An alarming study reveals that female mortality rates have increased drastically in the past few decades, and no explanation has been discovered as to why. Almost half the counties in the country saw a rise in women’s deaths, despite the prolongation of life expectancy overall. Erika Cheng and David Kindig at the University of Wisconsin published a study this summer in which they revealed this terrible trend, which seems to especially affect women in the South and West of the U.S. The Atlantic reports on speculations regarding generations of women dying at a younger age than their mothers did:
The Kindig study does note strong relationships between county mortality rates and several cultural and socioeconomic indicators. In particular, location appears to have an outsized effect on mortality rates. Counties with rising female mortality rates, marked in red, paint a broad stroke across Appalachia and the Cotton Belt, moving across to the Ozarks and the Great Plains. The Northeast and the Southwest, on the other hand, have been largely untouched.
But it’s not clear how these geographical differences play a role in mortality, or why the effect would be so much greater on women than on men. “Clearly something is going on,” Kindig said. “It could be cultural, political, or environmental, but the truth is we don’t really know the answer.”
Other researchers have pointed out the correlation between education rates and declining female health outcomes. The most shocking study, published in August 2012 by the journal Health Affairs, found that life expectancy for white female high-school dropouts has fallen dramatically over the past 18 years. These women are now expected to die five years earlier than the generation before them—a radical decline that is virtually unheard of in the world of modern medicine. In fact, the only parallel is the spike in Russian male mortality after the fall of the Soviet Union, which has primarily been attributed to rising alcohol consumption and accidental death rates.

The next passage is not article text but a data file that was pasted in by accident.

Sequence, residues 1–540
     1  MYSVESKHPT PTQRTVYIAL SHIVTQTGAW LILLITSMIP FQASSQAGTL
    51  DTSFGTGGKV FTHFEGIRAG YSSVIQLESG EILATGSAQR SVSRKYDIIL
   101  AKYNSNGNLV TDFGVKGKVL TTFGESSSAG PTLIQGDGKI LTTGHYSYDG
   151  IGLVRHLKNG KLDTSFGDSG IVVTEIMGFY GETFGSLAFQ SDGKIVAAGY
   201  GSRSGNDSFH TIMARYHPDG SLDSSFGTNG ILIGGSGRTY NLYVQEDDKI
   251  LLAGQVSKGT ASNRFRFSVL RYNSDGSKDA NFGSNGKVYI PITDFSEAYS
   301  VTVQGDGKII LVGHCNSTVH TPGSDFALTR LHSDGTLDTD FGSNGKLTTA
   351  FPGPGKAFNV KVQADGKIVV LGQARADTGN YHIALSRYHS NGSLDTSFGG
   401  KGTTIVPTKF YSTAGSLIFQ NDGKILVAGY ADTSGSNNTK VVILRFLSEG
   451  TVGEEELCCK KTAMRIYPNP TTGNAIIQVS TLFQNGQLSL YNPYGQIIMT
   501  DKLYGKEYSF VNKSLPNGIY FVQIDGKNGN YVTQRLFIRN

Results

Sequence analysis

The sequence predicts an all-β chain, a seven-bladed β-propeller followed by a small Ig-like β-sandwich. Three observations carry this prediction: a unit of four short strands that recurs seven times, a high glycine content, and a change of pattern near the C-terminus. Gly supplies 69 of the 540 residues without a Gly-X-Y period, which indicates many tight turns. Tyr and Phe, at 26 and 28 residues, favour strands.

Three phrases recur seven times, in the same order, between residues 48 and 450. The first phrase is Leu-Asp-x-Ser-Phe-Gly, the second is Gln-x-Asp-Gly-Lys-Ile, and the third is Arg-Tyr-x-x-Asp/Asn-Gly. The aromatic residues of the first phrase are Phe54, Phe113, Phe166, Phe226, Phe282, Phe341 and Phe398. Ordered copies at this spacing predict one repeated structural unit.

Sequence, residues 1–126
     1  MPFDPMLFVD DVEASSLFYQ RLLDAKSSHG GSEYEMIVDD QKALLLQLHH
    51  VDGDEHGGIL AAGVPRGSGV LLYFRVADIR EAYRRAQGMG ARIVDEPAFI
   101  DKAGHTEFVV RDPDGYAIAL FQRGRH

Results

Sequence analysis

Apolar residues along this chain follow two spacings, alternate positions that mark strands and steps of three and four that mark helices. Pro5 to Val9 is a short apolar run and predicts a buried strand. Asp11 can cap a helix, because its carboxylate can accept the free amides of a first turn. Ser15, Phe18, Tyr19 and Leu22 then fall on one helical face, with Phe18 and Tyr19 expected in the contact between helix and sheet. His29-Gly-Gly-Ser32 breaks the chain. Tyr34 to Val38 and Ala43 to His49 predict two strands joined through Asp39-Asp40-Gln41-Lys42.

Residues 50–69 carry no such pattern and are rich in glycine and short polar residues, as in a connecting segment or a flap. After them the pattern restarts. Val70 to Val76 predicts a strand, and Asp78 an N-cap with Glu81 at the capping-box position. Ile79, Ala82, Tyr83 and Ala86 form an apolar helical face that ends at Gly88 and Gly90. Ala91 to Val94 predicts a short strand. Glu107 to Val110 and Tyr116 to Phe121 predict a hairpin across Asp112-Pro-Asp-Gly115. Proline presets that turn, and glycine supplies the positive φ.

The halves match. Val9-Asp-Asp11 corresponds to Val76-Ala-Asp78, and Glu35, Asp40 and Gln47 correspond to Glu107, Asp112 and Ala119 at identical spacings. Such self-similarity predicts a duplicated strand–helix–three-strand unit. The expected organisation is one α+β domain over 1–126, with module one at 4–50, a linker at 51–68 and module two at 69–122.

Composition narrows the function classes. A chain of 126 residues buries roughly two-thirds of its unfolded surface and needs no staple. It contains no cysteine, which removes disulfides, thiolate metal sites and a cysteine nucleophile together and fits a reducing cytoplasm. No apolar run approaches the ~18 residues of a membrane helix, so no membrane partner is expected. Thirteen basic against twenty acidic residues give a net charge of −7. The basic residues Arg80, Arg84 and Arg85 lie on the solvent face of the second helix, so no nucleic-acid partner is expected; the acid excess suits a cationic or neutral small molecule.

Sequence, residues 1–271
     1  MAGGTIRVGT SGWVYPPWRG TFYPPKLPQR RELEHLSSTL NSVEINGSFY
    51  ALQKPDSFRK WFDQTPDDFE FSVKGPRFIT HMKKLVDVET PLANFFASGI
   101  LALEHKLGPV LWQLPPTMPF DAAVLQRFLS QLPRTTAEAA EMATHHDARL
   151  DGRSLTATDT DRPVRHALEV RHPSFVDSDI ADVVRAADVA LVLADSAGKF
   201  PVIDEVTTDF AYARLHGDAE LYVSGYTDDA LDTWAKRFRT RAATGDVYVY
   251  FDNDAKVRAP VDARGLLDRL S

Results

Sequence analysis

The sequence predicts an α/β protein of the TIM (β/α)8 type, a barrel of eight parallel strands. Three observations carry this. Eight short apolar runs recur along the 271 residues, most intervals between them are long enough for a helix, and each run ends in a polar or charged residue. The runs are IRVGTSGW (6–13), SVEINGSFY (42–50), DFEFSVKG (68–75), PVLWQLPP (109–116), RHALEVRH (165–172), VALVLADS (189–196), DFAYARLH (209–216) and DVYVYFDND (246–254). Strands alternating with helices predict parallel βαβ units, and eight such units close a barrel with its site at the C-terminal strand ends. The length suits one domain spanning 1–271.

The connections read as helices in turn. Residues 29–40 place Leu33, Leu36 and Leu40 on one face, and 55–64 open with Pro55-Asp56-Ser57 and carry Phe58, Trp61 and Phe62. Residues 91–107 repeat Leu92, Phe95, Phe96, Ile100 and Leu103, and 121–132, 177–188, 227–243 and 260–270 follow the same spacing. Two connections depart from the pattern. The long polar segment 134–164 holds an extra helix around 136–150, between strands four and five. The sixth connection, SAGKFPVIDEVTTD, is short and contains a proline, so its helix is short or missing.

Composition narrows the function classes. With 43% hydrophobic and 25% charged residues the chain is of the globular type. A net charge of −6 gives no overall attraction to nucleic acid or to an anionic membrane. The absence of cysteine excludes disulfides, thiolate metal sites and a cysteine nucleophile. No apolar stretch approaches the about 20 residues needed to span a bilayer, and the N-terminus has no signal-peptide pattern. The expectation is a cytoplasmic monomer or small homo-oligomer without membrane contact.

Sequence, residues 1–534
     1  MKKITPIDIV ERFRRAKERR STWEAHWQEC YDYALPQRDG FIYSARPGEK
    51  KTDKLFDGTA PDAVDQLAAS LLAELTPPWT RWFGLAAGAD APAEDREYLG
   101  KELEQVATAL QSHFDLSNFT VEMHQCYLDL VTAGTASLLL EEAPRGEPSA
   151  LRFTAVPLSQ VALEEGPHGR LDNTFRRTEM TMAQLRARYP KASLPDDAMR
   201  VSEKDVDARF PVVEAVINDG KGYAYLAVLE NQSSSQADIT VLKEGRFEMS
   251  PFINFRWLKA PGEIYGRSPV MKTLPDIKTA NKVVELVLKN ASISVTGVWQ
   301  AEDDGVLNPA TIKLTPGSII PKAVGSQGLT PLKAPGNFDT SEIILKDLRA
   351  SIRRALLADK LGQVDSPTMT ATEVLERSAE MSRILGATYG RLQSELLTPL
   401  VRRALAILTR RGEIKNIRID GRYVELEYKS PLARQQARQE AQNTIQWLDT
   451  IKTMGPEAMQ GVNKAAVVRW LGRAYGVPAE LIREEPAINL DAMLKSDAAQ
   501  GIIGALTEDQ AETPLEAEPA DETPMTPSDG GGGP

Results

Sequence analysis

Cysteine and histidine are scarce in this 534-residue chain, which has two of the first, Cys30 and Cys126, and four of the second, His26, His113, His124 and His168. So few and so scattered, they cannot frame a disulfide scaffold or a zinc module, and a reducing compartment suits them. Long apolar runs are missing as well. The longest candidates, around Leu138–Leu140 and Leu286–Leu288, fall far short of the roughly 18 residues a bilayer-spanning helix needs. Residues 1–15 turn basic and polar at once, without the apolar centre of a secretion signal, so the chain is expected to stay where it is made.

“It’s unprecedented in American history to see a drop in life expectancy of such magnitude over such a short time period,” said Jay Olshansky, the lead author of the study. “I don’t know why it happened so rapidly among this subgroup. Something is different for the lives of poor people today that is worse than it was before.”
Education alone does not explain why female high-school dropouts are so much worse off than they were two decades ago. But researchers have used it as a proxy to determine more significant socioeconomic indicators, like access to health care and income opportunities, as well as health behaviors like smoking and obesity. Smoking in particular appears to have had a significant impact on female mortality rates, as the health consequences of previous decades of tobacco use set in. Olshansky points out that female obesity and drug abuse have risen dramatically over the past two decades, and may also play a role in mortality rates.
Researchers are hopeful that the expansion of health-care coverage under the Affordable Care Act will help ameliorate some of the health risks for poor and uneducated women. But access to health insurance is only part of the puzzle—in fact, Kindig’s study found that medical care factors had no discernible impact on death rates at the county level. “Health care is far from the whole story,” Kindig told me. “More and more people are beginning to realize that the non-health-care factors are at least as important.”
Even so, surely it’s logical to believe that regardless of the unknown causes of this drop in female life expectancy, more affordable health care is at the very least a step in the right direction. And yet despite these frightening findings, the GOP is determined that Americans don’t need increased access to health care, not to mention the Republicans’ numerous attempts to defund public educations. Perhaps the reality is they simply don’t care that women in so many of their districts are dying every day.